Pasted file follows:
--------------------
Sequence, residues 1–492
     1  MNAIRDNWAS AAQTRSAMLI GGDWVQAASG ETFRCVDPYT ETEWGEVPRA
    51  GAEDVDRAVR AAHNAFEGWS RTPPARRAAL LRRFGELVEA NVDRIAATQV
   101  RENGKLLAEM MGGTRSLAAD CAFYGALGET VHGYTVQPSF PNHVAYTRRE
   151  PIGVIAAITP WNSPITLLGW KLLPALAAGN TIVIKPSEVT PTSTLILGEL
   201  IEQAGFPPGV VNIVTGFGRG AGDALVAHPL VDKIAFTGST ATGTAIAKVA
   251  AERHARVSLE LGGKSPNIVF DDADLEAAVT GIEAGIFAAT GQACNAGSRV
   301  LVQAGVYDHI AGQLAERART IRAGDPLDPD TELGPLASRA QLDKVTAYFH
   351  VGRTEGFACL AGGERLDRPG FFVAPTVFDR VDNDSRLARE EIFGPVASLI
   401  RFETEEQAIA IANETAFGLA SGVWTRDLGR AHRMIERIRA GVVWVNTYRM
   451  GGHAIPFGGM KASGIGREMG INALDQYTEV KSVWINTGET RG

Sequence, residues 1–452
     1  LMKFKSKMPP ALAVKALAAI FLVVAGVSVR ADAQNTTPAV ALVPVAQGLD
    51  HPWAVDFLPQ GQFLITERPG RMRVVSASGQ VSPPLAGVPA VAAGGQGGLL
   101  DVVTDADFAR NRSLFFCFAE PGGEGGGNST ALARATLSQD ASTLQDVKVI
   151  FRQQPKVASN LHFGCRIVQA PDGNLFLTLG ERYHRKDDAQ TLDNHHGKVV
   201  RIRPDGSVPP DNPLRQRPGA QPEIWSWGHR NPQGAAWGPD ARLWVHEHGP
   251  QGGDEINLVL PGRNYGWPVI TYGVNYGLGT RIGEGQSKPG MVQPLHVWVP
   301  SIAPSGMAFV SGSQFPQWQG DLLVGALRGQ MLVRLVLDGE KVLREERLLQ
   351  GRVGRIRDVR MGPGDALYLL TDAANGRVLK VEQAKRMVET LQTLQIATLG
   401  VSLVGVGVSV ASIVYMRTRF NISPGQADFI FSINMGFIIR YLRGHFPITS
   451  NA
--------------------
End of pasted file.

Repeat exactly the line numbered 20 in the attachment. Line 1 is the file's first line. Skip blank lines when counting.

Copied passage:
   351  GRVGRIRDVR MGPGDALYLL TDAANGRVLK VEQAKRMVET LQTLQIATLG